10 Ways to Wake Up Your E-NewsletterHoward Levy | Connections, July, 2012
Is your email newsletter putting your readers to sleep with unwanted information, extraneous clutter, and a general failure to connect? An email newsletter is a great way to keep up with donors, members, participants and others - but only if you do it right.
Here are some tips for getting your newsletter bright-eyed, bushy-tailed, and ready to change the world.
1. Write for Your Audience.
This is where most nonprofits miss the mark: they assume all subscribers will be interested in all kinds of news. Realistically, some (volunteers, beneficiaries) may only be interested in events or support groups, while others (donors) want to know how their donations are being spent. Whenever possible, segment your subscriber lists and send newsletters written or edited for each of your core audiences.
2. Connect to People's Values
In many cases, why your organization does what it does is as important as what it does. When the ACLU describes their fight against internet surveillance, they motivate those who care strongly about privacy issues. Think about the values that underlie your own stories; emphasizing those values gives people reason to connect with and care about your programs.
3. Convey Impact.
Donors and other participants want to see the results your organization is achieving in people's lives. Provide a combination of stories and statistics to illustrate the full effect of their support. Before-and-after scenarios are especially useful for this purpose.
4. Keep It Short.
People spend just a few seconds determining whether to read an email, so you need to hook them quickly. Keep each item to a headline, two or three sentences, and a link to the full article on your website - just enough to convey the message and drive them to your website (for the added benefit of increased traffic). Try to keep your newsletter to five stories or fewer, so it can be scanned quickly.
5. Keep It Organized.
Your newsletter is likely to arrive as part of a steady stream of emails. Help alleviate the chaos in your subscribers’ inboxes by grouping similar items in sections like News, Issues, Chapter Info, etc. This makes it easy for readers to skim your newsletter and determine what they want from it.
6. Use Calls to Action.
Decide what you want your readers to do as a result of reading your newsletter and give them the means to do it. For example, when writing about pending legislation, do you want readers to share their feelings, sign a petition, make a donation, stay alert for updates, or take some other action?
7. Make It Visually Interesting.
Don't underestimate the power of design to captivate readers. Make your newsletter interesting with the appropriate focus, images, and typographic treatments. A couple tips:
- Stick to a couple of typefaces: one for headlines and one for text. Too many typefaces in one document looks confusing and unprofessional.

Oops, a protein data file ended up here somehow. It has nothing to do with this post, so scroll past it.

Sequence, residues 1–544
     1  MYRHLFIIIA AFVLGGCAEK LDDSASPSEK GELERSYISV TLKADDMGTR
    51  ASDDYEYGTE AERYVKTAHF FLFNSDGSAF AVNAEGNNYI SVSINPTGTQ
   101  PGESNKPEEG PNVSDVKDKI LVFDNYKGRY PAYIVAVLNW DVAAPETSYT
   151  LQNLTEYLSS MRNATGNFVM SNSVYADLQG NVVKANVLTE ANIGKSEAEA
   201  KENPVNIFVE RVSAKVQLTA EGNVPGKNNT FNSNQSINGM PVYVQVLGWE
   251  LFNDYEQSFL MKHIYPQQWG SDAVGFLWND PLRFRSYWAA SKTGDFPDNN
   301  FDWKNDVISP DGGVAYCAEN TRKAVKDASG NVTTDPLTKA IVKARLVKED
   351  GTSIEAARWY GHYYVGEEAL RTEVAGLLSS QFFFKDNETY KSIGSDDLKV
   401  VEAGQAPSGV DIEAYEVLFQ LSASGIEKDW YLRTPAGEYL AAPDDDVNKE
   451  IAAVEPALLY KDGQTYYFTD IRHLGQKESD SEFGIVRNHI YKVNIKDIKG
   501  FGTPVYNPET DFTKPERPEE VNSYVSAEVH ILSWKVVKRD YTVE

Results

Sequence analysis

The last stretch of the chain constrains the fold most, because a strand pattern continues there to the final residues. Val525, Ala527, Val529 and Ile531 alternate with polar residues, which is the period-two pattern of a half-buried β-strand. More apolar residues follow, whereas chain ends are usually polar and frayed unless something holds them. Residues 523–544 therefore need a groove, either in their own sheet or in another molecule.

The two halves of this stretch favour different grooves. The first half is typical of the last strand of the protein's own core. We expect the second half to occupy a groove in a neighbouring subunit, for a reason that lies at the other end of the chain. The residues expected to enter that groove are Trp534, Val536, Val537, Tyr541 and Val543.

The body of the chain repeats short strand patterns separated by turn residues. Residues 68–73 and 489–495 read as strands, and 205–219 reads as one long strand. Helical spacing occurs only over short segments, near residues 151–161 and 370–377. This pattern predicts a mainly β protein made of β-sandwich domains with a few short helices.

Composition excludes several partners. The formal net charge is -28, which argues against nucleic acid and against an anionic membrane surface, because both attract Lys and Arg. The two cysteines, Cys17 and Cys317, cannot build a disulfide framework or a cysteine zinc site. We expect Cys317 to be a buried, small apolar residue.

- Leave some “white space” between items and in the margins so that the layout can breathe and readers can focus on separate elements.
8. Use Photos to Tell Your Story.
Many organizations use images without explaining what the image is depicting. Since people are more likely to look at the image first, use captions: even if subscribers don't read the article, they will still get your message. Remember to name images with meaningful titles and Alt tags: those who don’t download images will get more from “Success in Reading Program” than “IMG_54901.jpg.”
9. Relate to Your Brand.
Every communication is a chance to reinforce your brand. Help readers identify your newsletter with your organization by including your official logo, colors, and typefaces. Ask yourself: does your mission come through? Does the tone match your organization's personality? Does your newsletter reflect your values? Newsletters from organizations emphasizing “care” should look different from ones focusing on “innovation.”
10. Experiment and Learn
One great feature of email is that you can see exactly what readers click on. If you schedule time to check your email reports after each issue, you can learn what works best. Experiment with different headlines, photos, and links to see what gets the best response; it doesn't take long or cost anything to vary these elements, and can improve overall newsletter effectiveness.
Bonus Tip: Have Fun!
Email newsletters take time and effort to build, but if you view the process as an opportunity to connect with a friendly audience, to play with communication techniques, and to learn something new, you should have the right motivation and goals to keep things fun. And all audiences, no matter what kind of information they want, will appreciate fun.
Howard Levy is Principal and Creative Director at Red Rooster Group, a strategic marketing design firm for nonprofits, and founder of Nonprofit Brand It! (formerly The Nonprofit Brand Institute), which provides information, resources, and advice to help nonprofits create strong brands.